Rereading the book inspired me to rewatch the movie, as well. Maybe this weekend!

 

Review from 3/24/18:

 

I decided to reread after seeing the new Ava DuVernay adaptation with my daughter. I read the book as a child of the 1970's - probably a bit more than decade or so after the initial 1963 publication, around 1977, when I was 11. I fell in love with the book then, seeing much of myself in Meg Murry, the ordinary, often grumpy, young woman. I revisited L'Engle in 2015, and found that, while some of her books had not held up with reread, many of them did. 

 

This book is part of my personal canon, one of the books that shaped my childhood and had a part in making me who I am today.


A Wrinkle in Time is a bit of a period piece, to be sure. Girls today are stronger, more self-aware, more cognizant of the pressures of an often sexist society, and more willing to buck convention in order to be authentic to themselves. Not all girls, of course, but some girls. Our culture, today, at least struggles to understand these pressures and to acknowledge that they exist, even if we often fail to genuinely confront them.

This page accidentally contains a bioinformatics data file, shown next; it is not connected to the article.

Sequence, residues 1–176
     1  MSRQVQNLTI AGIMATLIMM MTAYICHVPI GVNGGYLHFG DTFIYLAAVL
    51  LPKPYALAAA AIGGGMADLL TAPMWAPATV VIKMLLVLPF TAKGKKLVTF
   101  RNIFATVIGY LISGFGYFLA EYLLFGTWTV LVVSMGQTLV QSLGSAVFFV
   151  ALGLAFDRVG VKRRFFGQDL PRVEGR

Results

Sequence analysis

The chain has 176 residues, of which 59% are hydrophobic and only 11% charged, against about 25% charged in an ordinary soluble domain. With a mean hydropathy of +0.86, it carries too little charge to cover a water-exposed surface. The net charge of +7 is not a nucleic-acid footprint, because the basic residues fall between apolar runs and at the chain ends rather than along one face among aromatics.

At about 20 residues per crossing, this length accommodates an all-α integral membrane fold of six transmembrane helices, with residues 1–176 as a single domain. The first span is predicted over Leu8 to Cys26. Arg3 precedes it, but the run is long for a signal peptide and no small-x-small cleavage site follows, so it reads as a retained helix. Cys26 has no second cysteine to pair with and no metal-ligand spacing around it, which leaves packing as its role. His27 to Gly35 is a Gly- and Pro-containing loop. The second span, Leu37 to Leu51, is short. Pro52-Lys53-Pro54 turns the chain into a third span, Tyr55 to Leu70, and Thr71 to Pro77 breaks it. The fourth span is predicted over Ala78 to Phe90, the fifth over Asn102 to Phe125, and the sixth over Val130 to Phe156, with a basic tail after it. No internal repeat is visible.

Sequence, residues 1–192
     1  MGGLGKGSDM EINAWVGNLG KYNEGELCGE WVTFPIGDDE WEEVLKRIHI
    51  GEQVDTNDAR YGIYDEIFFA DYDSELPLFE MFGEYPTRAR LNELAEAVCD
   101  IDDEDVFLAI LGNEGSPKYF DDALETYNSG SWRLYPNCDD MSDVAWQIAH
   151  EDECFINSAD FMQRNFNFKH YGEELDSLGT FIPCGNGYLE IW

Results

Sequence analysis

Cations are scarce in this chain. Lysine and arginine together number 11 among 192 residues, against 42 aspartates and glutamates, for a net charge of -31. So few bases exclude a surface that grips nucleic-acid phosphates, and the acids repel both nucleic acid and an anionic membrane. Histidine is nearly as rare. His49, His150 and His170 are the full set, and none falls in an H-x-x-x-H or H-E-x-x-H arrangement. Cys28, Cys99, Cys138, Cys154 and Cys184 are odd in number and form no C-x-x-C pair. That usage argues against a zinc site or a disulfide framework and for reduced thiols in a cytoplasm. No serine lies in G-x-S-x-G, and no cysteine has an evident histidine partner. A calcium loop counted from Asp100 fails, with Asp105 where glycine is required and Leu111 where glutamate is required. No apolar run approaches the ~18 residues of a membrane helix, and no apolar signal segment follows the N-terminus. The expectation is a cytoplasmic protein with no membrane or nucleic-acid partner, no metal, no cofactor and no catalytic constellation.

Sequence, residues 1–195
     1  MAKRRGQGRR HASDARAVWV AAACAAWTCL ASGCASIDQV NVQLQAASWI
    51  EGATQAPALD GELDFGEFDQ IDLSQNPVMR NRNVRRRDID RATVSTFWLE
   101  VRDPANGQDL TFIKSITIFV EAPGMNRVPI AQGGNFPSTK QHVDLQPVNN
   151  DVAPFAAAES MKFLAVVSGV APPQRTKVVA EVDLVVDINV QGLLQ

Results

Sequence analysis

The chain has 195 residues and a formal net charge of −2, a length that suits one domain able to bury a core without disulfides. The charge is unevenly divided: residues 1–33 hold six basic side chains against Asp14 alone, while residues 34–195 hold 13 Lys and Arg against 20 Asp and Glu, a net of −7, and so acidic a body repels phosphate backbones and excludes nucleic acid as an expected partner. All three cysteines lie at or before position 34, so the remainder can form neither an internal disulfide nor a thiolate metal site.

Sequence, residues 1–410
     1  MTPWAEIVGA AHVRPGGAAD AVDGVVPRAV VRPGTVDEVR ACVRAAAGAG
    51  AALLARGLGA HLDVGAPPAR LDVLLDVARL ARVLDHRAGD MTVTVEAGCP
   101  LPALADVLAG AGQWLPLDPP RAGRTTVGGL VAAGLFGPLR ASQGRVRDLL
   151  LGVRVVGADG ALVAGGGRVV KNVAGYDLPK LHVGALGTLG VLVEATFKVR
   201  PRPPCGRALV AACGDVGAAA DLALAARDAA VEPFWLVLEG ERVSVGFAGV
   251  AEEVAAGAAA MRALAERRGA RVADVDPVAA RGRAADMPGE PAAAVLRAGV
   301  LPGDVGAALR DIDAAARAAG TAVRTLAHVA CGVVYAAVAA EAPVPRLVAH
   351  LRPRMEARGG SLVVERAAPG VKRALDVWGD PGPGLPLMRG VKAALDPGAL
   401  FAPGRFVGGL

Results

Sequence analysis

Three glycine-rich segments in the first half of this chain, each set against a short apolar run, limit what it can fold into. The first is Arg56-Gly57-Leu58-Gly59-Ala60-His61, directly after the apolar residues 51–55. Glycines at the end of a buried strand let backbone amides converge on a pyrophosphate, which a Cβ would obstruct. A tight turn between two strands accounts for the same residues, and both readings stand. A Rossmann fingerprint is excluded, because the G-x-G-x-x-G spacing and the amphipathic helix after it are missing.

The DuVernay adaptation succeeds in a way that, after reading alot of L'Engle, and a fair amount about L'Engle, I believe that she would appreciate. Casting Meg Murry as a biracial young woman was an inspired decision, the relocation of the plot to a more diverse location in California, the addition of Charles Wallace as an adopted child, to me really work to illuminate some of the themes that L'Engle was writing about - alienation and dangers of extreme social conformity in particular. 

There are parts of the book that are quite different from the movie, of course. In the book, the Murry's have two additional children, a set of male twins who are effortlessly socially competent. They are capable of fulfilling society's expectations with little work. Meg, on the other hand, is prickly, defensive, occasionally angry, and fearsomely intelligent - all things which 1963 America couldn't really cope with in girls. Heck, we still struggle with girls who are prickly, defensive, occasionally angry and fearsomely intelligent. 

A Wrinkle in Time shines light into dark places. For that alone, it's worth reading.

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text 2018-12-30 01:18
Reading progress update: I've read 511 out of 792 pages.
Three Novels of the Early 1960s: The Zebra-Striped Hearse / The Chill / The Far Side of the Dollar - Ross Macdonald

I finished the second novel today, and it was amazing. Starting on the third in the collection, with a complete review to follow when I'm done with it.

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review 2018-12-22 17:56
Bel Lamington duology by D.E. Stevenson
Bel Lamington - D.E. Stevenson
Fletcher's End - D.E. Stevenson